December 31, 2011
It’s been a relaxing week off, but I’ve still managed to get my writing hours in. True, I haven’t had to get up at five to do it. It’s crazy when sleeping until 6am feels like slacking! Reality check, Karen. Yet taking a nap at 2pm feels completely justified. Ah, well…
It’s New Years Eve, which is the perfect time to examine the past and plan for the future. You may notice I have a thing for the number nine.
Victories of 2010:
1. The first six months were spent slogging through several drafts of the still unfinished “Salai’s Secret.” That’s the current title of the original pilot I’ve been working on for two years. It has a nickname – SS.
2. Over the summer I took a break from SS to work on my spec for “The Vampire Diaries.” It was hard work, a lot of fun, and by September I finally had a finished script. Yes, it’s my first one, with three or four others in various stages of rewriting.
3. September through November saw another draft of SS, and another abandonment of the same.
4. December was for breaking down White Collar for the spec I am writing and learning the series backwards and forwards.
5. I finished a two-year class I was taking, learned a whole lot, and was invited to continue in a more advanced capacity with the school.
6. I learned to Network. Yes, me. I fearlessly marched up to a person I did not know, stuck out my hand and introduced myself. That was the first time I noticed the fear in other people’s eyes. And the relief they felt when someone else made the first move. Everyone is happy to get a chance to talk about themselves, and even happier to have someone listen to them. We all think the world revolves around us, after all. The secret to networking is to let it revolve around someone else for a while. It’s easier than we think.
7. I made some friends, learned that I know quite a few people in the industry, and started Social Networking (finally). I still think it’s a huge time-sucker, but I am willing to play the game. I also overcame my fear of the internet being written in indelible ink, so I could start this blog. I hope it helps someone. I always love to hear about people’s process and the concrete steps they take. I’m very practical, for a screenwriter.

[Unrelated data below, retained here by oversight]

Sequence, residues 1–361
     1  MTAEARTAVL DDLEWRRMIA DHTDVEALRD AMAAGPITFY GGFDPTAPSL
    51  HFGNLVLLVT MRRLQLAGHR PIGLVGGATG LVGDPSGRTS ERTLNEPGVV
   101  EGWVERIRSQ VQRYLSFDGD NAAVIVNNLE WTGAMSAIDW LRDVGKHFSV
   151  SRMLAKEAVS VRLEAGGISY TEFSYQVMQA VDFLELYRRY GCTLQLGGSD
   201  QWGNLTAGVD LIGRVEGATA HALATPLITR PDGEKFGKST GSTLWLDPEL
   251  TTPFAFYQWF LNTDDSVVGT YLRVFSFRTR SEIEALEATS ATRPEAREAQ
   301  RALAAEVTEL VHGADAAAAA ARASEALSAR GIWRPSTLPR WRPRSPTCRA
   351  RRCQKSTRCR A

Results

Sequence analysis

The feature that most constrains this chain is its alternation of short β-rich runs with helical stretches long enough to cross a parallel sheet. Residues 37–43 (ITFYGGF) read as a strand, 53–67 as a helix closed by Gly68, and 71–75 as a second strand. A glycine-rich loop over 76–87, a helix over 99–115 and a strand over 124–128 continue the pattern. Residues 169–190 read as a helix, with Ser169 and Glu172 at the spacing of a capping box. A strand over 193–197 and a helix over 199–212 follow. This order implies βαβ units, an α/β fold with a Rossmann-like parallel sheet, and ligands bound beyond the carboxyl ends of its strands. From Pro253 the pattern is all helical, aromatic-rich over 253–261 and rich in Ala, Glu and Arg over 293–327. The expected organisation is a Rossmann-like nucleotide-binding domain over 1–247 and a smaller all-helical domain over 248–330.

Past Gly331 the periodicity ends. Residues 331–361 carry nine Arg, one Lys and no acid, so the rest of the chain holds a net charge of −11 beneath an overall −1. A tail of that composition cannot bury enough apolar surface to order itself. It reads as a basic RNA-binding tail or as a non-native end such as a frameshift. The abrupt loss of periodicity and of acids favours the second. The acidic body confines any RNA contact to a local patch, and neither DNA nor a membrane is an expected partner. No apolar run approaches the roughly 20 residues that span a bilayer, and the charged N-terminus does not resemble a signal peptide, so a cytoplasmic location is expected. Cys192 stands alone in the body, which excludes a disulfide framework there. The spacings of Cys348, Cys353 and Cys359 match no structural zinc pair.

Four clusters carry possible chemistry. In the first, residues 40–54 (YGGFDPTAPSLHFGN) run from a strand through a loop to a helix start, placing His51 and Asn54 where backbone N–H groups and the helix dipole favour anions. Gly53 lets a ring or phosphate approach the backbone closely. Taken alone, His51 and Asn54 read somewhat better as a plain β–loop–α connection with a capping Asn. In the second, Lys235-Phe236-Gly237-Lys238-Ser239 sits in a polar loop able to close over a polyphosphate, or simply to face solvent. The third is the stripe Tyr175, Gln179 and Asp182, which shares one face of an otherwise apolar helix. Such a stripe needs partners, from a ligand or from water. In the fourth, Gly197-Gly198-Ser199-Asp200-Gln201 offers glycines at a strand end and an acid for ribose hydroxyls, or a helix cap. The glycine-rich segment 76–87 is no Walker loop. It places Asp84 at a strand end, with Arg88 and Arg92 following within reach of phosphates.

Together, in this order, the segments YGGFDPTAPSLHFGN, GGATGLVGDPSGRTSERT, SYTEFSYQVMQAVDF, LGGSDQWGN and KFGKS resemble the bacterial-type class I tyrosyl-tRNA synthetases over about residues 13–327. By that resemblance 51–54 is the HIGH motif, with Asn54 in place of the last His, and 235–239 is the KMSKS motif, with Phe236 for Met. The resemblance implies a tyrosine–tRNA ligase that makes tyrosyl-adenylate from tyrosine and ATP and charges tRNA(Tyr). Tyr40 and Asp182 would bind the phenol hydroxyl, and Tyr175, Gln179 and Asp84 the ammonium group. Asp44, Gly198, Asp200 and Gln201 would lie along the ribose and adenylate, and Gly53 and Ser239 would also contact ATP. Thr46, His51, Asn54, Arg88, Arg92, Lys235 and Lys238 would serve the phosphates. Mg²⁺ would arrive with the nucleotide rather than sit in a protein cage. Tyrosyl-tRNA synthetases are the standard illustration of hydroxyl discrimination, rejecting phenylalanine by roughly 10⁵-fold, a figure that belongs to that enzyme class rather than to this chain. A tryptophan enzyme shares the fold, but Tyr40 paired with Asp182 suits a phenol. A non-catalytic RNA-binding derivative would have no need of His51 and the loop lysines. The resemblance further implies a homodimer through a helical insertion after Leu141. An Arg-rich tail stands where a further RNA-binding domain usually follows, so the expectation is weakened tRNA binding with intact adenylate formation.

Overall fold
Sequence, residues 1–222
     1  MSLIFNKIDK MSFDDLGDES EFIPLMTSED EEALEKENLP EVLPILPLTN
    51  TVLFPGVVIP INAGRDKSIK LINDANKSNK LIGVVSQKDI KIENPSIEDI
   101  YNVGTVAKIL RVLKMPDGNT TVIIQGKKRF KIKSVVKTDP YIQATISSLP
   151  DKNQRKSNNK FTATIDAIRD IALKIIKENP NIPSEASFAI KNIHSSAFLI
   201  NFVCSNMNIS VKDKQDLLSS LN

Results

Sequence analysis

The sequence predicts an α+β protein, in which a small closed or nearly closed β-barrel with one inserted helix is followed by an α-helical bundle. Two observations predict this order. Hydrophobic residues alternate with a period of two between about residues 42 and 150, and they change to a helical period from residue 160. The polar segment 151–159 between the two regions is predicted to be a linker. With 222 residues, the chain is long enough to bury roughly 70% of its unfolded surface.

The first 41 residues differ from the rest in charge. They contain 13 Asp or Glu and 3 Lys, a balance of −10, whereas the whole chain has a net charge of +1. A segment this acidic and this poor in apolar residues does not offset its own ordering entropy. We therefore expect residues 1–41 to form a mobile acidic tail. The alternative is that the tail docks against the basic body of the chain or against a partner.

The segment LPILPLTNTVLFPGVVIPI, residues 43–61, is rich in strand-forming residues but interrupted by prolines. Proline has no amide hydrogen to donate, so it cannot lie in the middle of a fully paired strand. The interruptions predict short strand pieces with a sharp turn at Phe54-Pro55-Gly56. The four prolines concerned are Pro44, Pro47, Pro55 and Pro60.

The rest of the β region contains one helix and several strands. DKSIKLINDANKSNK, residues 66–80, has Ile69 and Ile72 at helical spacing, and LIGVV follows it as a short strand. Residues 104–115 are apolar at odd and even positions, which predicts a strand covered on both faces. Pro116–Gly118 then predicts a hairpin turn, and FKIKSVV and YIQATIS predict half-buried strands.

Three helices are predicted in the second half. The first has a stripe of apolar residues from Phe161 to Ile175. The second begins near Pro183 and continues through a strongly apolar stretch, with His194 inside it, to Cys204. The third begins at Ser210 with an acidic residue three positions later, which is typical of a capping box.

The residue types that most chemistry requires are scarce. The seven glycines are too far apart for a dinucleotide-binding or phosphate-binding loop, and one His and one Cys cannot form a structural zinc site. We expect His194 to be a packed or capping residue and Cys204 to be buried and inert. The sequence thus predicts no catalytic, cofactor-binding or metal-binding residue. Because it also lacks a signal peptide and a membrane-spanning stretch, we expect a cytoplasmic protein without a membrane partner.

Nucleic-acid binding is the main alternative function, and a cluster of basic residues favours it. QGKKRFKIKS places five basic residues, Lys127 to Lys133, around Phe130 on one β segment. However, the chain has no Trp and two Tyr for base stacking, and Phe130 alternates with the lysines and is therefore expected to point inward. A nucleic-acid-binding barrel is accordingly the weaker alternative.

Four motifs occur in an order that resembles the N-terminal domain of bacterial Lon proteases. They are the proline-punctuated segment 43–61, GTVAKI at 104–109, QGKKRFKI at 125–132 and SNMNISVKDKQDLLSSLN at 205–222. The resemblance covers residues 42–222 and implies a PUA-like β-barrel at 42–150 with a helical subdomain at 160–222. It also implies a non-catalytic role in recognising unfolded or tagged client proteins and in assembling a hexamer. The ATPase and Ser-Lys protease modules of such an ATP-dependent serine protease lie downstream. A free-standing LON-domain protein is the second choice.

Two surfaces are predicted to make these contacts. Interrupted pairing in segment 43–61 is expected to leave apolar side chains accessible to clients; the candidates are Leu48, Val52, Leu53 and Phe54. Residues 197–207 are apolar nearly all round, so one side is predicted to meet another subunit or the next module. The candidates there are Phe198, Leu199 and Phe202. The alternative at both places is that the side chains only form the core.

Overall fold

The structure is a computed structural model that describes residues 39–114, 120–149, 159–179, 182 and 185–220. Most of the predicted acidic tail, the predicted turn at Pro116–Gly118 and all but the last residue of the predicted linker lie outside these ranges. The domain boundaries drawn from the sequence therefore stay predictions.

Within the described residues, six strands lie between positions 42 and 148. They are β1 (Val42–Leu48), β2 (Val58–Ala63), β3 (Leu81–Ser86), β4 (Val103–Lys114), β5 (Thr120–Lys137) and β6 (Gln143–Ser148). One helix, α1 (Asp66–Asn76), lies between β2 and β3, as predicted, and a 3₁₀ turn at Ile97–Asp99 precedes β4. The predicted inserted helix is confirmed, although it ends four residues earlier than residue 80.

8. Last March or April, I realized that if I were going to get my writing hours in every week, I’d need to get up at five and write before the interruptions and activity of the world took over my day. It’s been a struggle at times, but I’ve come back to it over and over. It’s the best decision I’ve made since I accepted I couldn’t teach myself to write screenplays from books. If I hadn’t taken that class back in 2009, I’d still be in Act One.
9. As a direct result of all of the above, I have let go of any fear or shame about calling myself a screenwriter. If nothing else, getting up at 5am to write every day has earned me the title. In any company, I can hold my head high. If I met Quentin Tarantino or Nora Ephron tomorrow, I would introduce myself as a screenwriter. There was a time I was too embarrassed to say that to a neighbor.
Writing Goals for 2012:
I know, I already told you my New Year’s Resolutions. This is different.
1. Finish my White Collar spec by March.
2. Find a collaborator to help finish SS, or at least take it to some stage of completion by June.
3. Work on another spec over the summer (or, preferably, work as a writer for money), and finish it by September.
4. For the fall, I’ll choose between the indie feature that was my first script and needs a couple more drafts, or write the pilot for Showtime I’ve been kicking around.
5. Read and evaluate scripts for school, friends, experience and/or money. Learn something from every one of them. Give feedback in a positive, supportive way with honest recommendations about what each script needs to come together (in my opinion).
6. Try collaborating.
7. Meet deadlines, whether set by self, teacher or industry professionals. Show up, and show up some more. Finish stuff.
8. Keep reading scripts, books, watching movies and TV and soaking up the industry. Make sure to take time out for living life and having new experiences.
9. Apply for Fellowships, jobs, agents, and put myself out there in every way I can think of. This is the year my career as a screenwriter begins.
In the meantime, Happy Writing!